Eight-year-old chess prodigy Or Shatil won second place in the European School Chess Championships, which took place in Mamia, Romania, a press release reported on Sunday.
Shatil defeated Ismayilova Khanim, a chess player from Azerbaijan, who was undefeated until that round.She was able to do so while playing the black, giving her rival a slight edge as the player who uses white pieces gets to open the game and make the first move.
While the noble game of kings is played around the world, Israeli players must at times face discrimination when matches are held in countries which are hostile to the Jewish State or when players must compete against those who hail from the Islamic Republic of Iran.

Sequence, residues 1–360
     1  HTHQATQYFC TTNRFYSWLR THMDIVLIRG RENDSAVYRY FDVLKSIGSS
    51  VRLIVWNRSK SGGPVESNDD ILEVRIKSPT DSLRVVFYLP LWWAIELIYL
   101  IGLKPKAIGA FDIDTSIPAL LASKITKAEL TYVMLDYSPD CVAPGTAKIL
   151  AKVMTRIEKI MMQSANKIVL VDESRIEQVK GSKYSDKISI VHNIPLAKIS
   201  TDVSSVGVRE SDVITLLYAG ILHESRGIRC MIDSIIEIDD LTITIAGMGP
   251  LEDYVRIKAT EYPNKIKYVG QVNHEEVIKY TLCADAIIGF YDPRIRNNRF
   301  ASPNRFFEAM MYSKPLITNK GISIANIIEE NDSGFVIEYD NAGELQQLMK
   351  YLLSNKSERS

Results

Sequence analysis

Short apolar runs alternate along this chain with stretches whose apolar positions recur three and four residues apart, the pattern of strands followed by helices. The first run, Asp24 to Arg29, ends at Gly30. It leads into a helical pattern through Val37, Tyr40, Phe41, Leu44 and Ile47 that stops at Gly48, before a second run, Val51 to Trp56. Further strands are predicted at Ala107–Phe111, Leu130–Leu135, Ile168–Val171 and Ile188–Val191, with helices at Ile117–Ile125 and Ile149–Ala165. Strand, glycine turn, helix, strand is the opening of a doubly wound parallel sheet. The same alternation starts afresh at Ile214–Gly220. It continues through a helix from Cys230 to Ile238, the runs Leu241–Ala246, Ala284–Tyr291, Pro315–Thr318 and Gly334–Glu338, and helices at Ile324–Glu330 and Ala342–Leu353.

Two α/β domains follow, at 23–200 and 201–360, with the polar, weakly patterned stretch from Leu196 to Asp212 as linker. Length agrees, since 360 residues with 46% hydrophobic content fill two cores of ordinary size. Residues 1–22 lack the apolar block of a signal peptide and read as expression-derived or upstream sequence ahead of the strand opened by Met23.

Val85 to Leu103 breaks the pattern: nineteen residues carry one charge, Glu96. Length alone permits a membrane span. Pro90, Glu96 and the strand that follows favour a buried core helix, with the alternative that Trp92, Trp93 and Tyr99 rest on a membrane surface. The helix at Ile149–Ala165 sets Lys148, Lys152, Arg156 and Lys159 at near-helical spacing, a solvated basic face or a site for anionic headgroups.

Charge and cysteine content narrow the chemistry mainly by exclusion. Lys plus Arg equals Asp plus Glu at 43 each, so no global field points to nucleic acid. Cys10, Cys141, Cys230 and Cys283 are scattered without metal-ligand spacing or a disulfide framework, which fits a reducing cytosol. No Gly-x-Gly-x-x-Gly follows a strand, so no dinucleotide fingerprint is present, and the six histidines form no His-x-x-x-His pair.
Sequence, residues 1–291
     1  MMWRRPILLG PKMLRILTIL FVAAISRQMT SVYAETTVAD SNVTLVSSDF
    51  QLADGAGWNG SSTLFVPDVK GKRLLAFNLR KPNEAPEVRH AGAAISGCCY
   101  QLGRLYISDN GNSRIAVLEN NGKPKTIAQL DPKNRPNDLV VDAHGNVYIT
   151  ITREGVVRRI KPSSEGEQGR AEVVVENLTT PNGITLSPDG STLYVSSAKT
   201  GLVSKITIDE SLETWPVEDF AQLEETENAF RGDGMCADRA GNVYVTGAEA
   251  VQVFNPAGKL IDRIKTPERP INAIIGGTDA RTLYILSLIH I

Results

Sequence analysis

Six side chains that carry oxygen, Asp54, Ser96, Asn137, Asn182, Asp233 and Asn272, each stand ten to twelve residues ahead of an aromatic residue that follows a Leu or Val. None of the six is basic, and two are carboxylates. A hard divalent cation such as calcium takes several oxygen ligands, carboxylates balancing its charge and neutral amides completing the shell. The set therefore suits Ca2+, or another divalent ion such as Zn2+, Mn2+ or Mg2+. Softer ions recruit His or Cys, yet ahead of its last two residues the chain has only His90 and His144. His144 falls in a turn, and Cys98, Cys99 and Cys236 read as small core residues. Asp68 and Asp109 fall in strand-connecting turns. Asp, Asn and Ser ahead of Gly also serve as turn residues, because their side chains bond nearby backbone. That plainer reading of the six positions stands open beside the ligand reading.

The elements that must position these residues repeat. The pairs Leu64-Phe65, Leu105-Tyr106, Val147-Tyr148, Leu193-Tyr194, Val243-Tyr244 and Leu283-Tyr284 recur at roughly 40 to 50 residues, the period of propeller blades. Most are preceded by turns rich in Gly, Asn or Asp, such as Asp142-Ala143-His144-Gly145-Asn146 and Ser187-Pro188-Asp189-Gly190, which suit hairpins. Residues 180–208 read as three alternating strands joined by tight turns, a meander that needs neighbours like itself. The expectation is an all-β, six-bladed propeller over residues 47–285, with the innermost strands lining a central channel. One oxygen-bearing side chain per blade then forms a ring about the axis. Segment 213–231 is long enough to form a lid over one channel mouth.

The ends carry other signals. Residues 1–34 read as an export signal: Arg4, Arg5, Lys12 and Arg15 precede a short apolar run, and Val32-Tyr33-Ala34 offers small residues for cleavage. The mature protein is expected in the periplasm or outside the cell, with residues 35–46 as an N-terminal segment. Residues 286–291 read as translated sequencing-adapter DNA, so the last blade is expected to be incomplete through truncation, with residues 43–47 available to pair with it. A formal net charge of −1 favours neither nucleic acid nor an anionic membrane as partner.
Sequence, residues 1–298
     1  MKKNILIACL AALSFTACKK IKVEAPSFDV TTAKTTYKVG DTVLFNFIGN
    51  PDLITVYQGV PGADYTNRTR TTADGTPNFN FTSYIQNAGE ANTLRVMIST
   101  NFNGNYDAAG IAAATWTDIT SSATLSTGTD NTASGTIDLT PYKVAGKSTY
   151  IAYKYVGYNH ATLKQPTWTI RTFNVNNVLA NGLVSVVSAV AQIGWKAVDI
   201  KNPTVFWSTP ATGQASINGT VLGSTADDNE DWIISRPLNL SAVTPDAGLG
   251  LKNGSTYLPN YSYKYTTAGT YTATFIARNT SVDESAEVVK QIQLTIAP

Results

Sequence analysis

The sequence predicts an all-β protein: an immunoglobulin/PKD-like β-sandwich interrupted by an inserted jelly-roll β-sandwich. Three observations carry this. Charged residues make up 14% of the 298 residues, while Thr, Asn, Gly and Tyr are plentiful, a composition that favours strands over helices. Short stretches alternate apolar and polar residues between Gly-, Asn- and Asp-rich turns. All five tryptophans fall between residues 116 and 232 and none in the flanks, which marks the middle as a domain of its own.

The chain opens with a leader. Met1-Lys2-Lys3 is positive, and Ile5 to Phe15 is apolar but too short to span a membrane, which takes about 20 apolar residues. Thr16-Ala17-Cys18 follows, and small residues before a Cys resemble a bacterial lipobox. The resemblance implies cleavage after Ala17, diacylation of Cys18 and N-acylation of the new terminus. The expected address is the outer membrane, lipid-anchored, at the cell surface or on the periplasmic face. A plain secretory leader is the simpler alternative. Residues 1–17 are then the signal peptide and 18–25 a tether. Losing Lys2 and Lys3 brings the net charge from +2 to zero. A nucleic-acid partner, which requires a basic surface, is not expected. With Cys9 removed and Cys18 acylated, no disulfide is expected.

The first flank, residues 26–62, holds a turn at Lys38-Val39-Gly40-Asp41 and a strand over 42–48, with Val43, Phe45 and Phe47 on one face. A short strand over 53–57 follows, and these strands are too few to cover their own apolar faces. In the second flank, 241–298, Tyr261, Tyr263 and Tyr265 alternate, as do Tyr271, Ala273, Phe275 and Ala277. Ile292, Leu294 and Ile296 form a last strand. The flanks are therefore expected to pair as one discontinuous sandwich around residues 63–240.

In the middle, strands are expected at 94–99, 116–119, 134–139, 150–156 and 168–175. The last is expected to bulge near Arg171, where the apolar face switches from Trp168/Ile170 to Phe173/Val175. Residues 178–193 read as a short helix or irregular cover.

In April, Iranian chess champion 15-year-old Alireza Firouzja refused to play against his Israeli opponent Or Bronstein during the Grenke Chess Open being held in Germany.
In January, another Iranian player Aryan Gholami refused to play Israeli Ariel Erenberg in the Rilton Cup in Sweden. Gholami forfeited his chance to win $10,000.
Hailed a hero in Iran, the 17-year-old met with Iranian Supreme Leader Ayatollah Ali Khamenei in February who praised the young man for his decision.
Gholami told Swedish chess website Schack.se that he had no ill will towards the Israeli, but “if I were to play against an Israeli, it would have serious consequences for me.”
Playing chess against Israelis could have major consequences for Iranian players, as was the case for Borna Derakhshani in 2017. The 14-year old Iranian chess player, was banned by the Iran Chess Federation for life for playing against an Israeli.
If banned by the Iranian Chess Federation, one cannot participate or play in any international chess games.